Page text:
• Salad greens differ in potassium content. Not all greens are shown here. Per one cup, red leaf lettuce has the least and spinach has the most potassium. Module_5_4-26
  • Salad dressing may be a significant source of dietary sodium. Serving size shown is one tablespoon. Homemade salad dressing is generally lower in sodium than store bought or restaurant dressing. Two tablespoons is generally the serving size of fat-free salad dressings. Module_5_4-26
  • Beans and legumes are rich in phosphorus and potassium. Canned beans, although high in sodium, may be lower in potassium than beans prepared at home. Some potassium leaches out of the product and into the water. They are still a significant source of potassium. Module_5_4-26
  • In module 4, you checked sodium and potassium content in specific canned vegetable soups. Not every low or reduced sodium soup will have potassium chloride in place of sodium chloride. The reduced-sodium tomato soup on the far right has the same amount of potassium as the regular tomato soup. Use the ingredient list to check for added potassium chloride in lower sodium products. Module_5_4-26
  • Although the lunch menu did not include fast foods, many people routinely eat out for lunch. This discussion would not be complete if we didn’t address fast foods and restaurant foods. Salad dressing packets offered at fast food restaurants are larger than a one tablespoon serving. The smaller single-size items are still high in sodium, although certainly a better choice than the double burgers or three or four tacos. Double meat means more sodium, phosphorus, and potassium. You can check the Case Western Reserve University Web site shown here for information about certain fast food chains and phosphorus additives in their products. Module_5_4-26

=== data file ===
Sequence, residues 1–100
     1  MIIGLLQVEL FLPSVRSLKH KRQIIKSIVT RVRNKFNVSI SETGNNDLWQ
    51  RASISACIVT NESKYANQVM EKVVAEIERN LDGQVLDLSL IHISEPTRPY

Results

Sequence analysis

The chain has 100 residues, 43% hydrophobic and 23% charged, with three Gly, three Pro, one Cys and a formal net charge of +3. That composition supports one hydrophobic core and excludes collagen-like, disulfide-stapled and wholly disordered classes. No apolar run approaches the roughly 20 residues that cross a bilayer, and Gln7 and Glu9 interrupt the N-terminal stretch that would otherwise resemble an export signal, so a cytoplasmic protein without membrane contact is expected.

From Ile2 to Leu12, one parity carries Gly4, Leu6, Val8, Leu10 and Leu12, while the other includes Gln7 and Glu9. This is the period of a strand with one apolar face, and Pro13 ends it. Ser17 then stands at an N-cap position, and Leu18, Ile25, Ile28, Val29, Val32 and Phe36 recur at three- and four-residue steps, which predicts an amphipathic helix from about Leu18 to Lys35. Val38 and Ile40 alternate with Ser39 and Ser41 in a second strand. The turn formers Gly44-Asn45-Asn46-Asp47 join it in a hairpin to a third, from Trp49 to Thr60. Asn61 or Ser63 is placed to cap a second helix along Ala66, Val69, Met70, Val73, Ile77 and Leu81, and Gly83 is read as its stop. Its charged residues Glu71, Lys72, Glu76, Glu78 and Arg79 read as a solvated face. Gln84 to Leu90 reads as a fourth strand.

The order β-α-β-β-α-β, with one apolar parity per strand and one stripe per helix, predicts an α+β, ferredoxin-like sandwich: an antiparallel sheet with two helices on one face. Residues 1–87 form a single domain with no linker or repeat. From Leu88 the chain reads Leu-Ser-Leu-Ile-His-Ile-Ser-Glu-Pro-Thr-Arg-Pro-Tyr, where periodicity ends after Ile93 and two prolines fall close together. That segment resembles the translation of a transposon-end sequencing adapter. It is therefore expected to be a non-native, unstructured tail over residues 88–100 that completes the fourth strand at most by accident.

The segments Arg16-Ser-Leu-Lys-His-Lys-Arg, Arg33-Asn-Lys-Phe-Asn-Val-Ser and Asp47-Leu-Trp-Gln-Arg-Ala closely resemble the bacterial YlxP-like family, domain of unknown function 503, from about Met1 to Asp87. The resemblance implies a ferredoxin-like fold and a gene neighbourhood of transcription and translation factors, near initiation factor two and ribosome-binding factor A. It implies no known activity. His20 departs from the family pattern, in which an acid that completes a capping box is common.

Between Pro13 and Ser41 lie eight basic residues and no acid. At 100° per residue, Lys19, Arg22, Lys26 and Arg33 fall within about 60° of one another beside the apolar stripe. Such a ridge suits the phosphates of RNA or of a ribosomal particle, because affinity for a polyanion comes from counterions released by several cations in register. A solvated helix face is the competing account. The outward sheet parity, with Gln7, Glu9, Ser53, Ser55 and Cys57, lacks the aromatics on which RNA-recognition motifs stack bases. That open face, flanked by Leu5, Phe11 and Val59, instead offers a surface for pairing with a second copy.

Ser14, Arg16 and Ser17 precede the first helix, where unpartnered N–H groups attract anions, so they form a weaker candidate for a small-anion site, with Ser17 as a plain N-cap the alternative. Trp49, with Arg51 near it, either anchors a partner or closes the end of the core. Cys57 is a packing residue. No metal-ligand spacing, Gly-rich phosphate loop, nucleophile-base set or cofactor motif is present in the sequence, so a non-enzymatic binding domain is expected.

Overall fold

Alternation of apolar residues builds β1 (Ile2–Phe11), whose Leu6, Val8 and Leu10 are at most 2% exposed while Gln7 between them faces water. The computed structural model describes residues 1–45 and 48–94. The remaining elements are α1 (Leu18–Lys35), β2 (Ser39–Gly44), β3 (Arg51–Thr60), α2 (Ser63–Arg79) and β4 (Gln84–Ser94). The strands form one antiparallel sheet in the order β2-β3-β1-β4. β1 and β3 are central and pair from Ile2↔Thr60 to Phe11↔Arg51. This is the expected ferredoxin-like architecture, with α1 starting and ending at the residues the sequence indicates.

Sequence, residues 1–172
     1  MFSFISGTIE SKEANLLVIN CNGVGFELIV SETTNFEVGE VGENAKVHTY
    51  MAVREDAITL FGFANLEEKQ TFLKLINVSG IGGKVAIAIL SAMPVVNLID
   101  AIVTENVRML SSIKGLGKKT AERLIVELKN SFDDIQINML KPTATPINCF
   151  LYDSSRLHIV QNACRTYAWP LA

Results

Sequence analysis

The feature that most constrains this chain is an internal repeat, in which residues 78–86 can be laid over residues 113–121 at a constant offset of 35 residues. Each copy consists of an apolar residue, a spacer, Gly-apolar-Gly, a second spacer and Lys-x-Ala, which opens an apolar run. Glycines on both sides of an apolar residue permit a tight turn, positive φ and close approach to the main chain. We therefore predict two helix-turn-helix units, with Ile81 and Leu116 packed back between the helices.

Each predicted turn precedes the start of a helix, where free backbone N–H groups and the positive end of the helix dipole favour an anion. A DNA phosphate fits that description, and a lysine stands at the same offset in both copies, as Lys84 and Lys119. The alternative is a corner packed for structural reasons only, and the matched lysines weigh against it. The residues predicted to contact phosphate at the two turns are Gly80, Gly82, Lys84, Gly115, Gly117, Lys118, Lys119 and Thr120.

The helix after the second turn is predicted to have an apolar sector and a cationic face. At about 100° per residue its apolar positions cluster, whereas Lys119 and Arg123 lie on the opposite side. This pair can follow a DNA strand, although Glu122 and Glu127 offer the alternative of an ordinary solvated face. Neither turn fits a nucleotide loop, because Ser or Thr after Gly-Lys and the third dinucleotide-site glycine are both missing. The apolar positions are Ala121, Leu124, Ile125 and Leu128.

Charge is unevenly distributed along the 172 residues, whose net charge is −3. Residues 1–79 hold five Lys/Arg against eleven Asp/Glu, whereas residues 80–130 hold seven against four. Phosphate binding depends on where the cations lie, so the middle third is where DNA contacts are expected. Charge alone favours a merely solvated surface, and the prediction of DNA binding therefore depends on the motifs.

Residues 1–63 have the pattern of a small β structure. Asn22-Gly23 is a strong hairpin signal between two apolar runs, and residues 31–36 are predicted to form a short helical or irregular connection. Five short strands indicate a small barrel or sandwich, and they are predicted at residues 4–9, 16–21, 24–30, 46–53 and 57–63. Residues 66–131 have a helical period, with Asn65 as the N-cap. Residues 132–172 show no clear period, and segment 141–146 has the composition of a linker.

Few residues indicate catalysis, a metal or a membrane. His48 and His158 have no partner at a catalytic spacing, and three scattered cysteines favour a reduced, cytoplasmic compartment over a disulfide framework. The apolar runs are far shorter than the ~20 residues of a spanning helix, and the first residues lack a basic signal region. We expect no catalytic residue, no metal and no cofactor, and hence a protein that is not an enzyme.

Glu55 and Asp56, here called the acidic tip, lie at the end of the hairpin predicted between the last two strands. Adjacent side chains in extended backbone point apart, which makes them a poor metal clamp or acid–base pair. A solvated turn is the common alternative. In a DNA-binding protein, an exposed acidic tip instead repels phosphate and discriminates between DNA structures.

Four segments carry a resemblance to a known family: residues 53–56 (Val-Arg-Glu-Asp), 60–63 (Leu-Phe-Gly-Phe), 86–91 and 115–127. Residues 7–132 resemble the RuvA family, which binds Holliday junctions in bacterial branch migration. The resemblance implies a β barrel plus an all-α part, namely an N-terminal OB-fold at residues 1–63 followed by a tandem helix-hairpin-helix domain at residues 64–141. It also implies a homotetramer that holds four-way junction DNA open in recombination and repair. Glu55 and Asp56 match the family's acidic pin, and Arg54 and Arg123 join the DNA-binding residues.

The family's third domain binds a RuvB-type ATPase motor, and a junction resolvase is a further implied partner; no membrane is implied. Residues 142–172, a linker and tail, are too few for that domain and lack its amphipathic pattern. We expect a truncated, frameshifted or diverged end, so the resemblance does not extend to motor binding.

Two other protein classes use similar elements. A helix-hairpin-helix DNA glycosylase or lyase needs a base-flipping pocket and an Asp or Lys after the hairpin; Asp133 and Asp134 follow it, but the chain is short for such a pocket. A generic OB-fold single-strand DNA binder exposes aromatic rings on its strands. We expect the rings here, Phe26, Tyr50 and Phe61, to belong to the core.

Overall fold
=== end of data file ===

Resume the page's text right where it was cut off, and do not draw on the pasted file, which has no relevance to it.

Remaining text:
• On the left side, you see sodium content of a side salad and different salad dressings from a fast food chain. The salad dressing packets are two fluid ounces and contribute significant amounts of sodium. On the right, you see phosphorus and potassium contents in those products. Milk-based products have more phosphorus and potassium. Module_5_4-26
  • The size of a cheeseburger makes a difference. On the far left, the plain regular cheeseburger has over 500 milligrams of sodium. Sodium content goes up as condiments, vegetables, and portion size increase. The double meat cheeseburger, shown on the far right, has the most sodium, phosphorus, and potassium. Keep in mind, some of the sodium is from the bun and cheese. Module_5_4-26
  • On the far left, you see the small fast food bean burrito has almost 500 milligrams of sodium. Beans, cheese, and meat add to sodium, phosphorus, and potassium in fast foods. Module_5_4-26
  • One slice of thin crust cheese pizza is the lowest sodium choice shown here. Added pepperoni increases sodium and, of course, fat, which is not shown. Module_5_4-26
  • Nuts have protein; most protein-rich foods have phosphorus and potassium. One tablespoon of any of these products adds to phosphorus and potassium intakes. The reduced fat peanut butter has more sodium than the other peanut butters shown. Module_5_4-26